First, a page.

Dior’s Poison blazed the trail for outrageous 80s scents that everyone still remembers. They typified the 80s era of greed, glitz and excess. You were nobody unless you had shoulder pads, stilettos, and a mobile phone the size of a house brick. The mantra was “More is More” and Poison added it’s volume to the clamour of noise to ensure anyone who wore it made an entrance.
Some perfumes are born a myth. Provocative and mysterious since its creation, Poison is Dior’s ultimate weapon of seduction.
Meanwhile, many people were wrinkling their noses at this confusing cacophony of perfume notes that were the olfactory equivalent of entering a nightclub whilst watching a television show and listening to music at the same time.
Sometimes I can look at the notes in a perfume and ascertain whether I would like it or not. This is not a substitute for trying it on skin, but it often helps me make a list of future Must Tries.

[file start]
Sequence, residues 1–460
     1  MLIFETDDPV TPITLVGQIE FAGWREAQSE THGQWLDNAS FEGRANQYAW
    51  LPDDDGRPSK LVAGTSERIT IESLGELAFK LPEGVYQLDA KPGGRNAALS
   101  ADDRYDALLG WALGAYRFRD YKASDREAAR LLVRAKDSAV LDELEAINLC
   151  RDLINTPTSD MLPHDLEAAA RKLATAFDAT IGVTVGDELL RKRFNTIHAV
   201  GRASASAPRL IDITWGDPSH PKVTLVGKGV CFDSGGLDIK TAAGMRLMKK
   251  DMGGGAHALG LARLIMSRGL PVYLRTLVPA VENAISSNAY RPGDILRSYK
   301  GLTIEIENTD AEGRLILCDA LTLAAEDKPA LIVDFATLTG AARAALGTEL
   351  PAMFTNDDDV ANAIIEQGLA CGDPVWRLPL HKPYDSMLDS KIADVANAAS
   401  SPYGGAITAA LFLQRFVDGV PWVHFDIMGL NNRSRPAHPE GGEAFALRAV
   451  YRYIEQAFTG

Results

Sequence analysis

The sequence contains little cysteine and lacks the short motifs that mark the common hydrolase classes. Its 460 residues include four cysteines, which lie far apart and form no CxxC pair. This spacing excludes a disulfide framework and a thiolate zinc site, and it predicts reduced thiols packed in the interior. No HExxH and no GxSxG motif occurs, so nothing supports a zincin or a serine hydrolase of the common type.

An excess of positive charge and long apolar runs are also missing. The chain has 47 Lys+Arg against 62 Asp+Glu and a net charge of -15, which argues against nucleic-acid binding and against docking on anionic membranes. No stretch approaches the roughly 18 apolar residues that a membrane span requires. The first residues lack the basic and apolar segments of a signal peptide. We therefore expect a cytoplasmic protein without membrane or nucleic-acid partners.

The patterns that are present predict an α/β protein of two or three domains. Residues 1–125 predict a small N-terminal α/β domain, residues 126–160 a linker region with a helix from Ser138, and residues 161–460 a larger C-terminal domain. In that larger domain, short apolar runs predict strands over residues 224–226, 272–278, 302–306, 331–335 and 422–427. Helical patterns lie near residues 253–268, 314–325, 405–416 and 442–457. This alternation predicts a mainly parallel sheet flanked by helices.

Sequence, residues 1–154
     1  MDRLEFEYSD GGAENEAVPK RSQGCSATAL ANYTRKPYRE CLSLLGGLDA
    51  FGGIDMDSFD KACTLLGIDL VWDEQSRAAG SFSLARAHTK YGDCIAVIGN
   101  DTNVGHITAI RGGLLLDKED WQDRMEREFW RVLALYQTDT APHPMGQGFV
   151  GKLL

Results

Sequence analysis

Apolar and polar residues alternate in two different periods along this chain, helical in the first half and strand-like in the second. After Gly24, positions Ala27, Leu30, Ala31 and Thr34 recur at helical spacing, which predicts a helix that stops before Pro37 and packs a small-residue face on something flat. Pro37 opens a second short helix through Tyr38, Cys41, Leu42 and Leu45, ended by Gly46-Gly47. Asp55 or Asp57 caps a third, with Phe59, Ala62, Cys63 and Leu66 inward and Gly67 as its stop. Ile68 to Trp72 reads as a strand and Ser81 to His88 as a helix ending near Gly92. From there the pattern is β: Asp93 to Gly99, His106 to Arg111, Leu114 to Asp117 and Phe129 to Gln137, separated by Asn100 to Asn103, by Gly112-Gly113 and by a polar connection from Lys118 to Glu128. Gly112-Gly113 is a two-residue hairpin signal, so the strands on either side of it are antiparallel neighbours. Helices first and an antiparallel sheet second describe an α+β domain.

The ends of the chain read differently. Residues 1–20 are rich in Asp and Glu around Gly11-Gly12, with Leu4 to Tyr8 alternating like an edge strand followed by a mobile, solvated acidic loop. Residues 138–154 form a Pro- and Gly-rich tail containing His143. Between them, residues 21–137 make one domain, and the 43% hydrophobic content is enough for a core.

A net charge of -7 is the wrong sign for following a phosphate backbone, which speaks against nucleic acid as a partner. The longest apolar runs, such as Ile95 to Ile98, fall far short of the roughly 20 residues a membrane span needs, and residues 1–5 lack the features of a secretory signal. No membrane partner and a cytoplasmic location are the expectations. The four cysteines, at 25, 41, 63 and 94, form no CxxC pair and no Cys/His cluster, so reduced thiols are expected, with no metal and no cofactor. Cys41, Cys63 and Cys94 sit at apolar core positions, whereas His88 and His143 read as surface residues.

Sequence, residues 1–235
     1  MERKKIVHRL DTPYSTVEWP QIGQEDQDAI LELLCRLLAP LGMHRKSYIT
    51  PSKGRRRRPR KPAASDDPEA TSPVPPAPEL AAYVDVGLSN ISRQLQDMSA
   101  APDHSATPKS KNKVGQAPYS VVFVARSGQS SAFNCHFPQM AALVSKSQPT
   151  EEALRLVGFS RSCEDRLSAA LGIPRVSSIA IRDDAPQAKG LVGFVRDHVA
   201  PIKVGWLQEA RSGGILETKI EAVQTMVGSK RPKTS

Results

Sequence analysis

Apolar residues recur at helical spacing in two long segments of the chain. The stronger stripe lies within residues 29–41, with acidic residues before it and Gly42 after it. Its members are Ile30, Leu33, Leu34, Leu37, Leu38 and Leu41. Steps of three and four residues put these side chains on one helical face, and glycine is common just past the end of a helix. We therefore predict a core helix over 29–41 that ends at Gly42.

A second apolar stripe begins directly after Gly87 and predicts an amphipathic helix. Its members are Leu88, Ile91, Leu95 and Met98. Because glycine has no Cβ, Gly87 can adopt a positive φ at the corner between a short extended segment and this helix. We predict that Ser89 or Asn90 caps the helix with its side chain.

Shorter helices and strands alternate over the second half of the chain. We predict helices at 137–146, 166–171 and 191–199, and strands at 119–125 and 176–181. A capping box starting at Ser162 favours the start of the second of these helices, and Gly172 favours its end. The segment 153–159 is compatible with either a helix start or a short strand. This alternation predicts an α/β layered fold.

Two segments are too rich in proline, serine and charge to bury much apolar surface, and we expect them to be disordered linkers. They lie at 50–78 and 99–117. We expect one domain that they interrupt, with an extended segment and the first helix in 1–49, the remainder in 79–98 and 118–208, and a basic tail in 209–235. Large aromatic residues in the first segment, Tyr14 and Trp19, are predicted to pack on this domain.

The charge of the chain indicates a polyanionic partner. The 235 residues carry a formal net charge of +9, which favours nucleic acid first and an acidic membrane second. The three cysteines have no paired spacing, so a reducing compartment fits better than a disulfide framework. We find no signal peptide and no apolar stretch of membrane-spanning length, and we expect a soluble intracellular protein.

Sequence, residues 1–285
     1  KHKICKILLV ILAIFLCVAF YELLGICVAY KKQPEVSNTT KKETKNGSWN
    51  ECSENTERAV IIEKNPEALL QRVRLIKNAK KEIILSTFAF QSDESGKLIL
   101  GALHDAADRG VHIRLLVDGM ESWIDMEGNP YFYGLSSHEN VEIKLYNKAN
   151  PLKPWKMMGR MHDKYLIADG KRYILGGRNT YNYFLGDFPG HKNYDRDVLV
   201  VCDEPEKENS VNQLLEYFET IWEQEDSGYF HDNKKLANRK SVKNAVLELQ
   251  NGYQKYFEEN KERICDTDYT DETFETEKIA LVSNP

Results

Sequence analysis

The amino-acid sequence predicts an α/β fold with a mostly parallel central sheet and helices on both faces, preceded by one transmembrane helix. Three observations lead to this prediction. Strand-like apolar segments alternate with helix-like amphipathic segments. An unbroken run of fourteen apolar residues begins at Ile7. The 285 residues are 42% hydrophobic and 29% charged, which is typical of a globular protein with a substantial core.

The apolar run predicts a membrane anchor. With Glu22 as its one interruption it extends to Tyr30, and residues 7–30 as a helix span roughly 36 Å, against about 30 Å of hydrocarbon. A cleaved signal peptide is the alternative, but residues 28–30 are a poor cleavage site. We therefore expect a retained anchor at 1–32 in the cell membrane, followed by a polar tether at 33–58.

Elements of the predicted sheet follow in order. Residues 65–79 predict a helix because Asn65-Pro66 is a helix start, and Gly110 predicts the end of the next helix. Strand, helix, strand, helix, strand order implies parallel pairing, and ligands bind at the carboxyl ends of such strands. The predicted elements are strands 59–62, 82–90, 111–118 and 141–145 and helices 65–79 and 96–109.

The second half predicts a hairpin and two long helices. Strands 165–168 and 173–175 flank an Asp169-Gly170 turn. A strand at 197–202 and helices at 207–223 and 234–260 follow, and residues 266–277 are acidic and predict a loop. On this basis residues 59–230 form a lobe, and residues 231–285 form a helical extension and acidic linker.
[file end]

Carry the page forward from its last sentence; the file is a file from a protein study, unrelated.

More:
If you look at the notes in Poison, it would still be hard to imagine what it smelled like. Smelling is believing. There’s Plum, Booze, Amber, Patchouli, Jasmine, Roses, Woods, Honey, Incense, Tuberose, Carnation, the kitchen sink, a cuddly toy, a coffee maker and Uncle Tom Cobley and all. I could go on. I can usually smell a hint of Liquorice too.
Poison will swallow up all its rivals. In a room of a dozen different perfumes, you would only be able to smell the Poison wearer. It obliterates and dominates. Longevity is as long as a prison sentence and harder to reduce.
However, I will go against the grain and say it’s brilliantly done. It captures an era in a bottle more effectively than a spell. It takes me back to being 15 years old and watching Joan Collins strut her stuff on Dynasty, whilst over on BBC, JR was pouring himself a large Scotch in the middle of the day, and on the news, Diana was all coy glances and dazzling gowns. One whiff of Poison and I am there.
The bottle is like Cinderella’s pumpkin: full of dark magic. I don’t want to smell like this, but I am so glad they made it.